said is, that plunder is more visible by its partiality in protectionism, and by its universality in communism; whence it follows that, of the three systems, socialism is still the most vague, the most undefined, and consequently the most sincere.
Be it as it may, to conclude that legal plunder has one of its roots in false philanthropy, is evidently to put intentions out of the question.
With this understanding, let us examine the value, the origin, and the tendency of this popular aspiration, which pretends to realise the general good by general plunder.
The Socialists say, since the law organises justice, why should it not organise labour, instruction, and religion?
Why? Because it could not organise labour, instruction, and religion, without disorganising justice.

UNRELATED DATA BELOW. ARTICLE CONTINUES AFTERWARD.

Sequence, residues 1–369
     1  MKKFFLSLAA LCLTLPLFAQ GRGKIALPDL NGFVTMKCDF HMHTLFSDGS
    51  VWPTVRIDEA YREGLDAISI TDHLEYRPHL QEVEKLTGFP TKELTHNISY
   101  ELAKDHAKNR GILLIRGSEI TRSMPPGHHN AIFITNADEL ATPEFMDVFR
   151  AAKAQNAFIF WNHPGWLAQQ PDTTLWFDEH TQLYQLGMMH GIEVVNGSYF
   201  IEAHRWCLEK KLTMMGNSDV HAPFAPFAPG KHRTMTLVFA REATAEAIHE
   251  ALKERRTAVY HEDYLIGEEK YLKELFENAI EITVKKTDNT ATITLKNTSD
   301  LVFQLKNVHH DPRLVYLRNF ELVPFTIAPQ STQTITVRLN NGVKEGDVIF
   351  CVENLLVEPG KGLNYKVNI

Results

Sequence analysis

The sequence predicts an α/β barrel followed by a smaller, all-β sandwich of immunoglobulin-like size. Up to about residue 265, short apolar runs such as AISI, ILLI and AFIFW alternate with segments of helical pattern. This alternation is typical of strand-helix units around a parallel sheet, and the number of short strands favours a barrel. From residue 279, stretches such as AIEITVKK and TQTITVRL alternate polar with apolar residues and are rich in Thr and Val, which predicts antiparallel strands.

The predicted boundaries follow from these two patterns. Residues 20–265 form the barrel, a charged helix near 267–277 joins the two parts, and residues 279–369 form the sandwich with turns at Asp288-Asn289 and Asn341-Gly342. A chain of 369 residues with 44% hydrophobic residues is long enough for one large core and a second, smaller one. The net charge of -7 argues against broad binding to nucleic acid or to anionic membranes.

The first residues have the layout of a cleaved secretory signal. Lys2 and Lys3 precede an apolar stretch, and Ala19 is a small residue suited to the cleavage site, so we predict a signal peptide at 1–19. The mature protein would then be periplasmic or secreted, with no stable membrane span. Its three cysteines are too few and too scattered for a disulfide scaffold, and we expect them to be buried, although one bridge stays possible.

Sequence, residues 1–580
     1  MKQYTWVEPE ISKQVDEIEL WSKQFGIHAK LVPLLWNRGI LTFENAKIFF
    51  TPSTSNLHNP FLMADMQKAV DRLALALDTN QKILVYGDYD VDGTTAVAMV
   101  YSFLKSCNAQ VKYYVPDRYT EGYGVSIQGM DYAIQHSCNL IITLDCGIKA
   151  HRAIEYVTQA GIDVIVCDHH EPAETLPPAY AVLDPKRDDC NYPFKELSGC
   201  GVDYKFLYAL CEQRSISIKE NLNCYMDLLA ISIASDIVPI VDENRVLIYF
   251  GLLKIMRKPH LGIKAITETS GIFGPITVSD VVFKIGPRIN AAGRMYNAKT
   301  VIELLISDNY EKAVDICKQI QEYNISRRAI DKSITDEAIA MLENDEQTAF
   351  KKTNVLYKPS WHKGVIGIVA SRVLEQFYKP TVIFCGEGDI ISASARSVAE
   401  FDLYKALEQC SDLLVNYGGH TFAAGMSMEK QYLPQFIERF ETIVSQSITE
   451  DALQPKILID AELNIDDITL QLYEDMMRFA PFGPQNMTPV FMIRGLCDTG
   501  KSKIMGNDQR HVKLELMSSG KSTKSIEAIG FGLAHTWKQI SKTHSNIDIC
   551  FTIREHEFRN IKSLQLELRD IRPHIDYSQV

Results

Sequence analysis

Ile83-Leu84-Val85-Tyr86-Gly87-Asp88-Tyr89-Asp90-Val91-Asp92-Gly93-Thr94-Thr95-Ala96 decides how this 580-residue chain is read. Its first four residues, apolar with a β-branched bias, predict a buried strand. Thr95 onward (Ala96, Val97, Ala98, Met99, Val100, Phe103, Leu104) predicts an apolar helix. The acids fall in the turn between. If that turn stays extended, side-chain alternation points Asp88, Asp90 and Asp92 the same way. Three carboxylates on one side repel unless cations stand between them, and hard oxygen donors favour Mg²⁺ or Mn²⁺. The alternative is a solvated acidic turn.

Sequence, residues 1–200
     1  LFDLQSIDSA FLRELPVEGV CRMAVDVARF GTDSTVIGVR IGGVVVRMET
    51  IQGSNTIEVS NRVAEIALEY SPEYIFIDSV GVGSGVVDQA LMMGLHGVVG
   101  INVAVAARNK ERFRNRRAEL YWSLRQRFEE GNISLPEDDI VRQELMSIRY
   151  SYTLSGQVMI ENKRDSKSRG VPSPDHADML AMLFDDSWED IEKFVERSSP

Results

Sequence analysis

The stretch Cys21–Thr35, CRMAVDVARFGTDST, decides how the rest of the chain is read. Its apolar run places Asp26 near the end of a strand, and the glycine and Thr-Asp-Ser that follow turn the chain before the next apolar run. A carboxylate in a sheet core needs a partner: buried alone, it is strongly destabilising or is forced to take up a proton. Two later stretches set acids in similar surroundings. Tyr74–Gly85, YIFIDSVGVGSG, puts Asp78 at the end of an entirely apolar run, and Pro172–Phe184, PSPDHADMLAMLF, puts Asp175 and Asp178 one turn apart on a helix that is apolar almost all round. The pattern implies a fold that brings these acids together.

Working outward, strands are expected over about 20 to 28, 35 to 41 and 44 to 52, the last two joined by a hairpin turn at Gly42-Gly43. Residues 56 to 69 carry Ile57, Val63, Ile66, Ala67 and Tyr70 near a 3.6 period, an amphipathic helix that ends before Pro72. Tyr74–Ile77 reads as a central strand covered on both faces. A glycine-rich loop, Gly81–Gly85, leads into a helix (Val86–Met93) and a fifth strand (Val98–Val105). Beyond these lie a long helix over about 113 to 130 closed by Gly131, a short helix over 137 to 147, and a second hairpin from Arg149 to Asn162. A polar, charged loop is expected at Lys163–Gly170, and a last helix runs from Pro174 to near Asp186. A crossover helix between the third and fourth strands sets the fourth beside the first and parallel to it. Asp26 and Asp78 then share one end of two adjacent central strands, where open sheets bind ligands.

For, remember, that law is force, and that consequently the domain of the law cannot lawfully extend beyond the domain of force.
When law and force keep a man within the bounds of justice, they impose nothing upon him but a mere negation. They only oblige him to abstain from doing harm. They violate neither his personality, his liberty, nor his property. They
- If protection were only granted in France to a single class, to the engineers, for instance, it would be so absurdly plundering, as to be unable to maintain itself. Thus we see all the protected trades combine, make common cause, and even recruit themselves in such a way as to appear to embrace the mass of the national labour. They feel instinctively that plunder is slurred over by being generalised.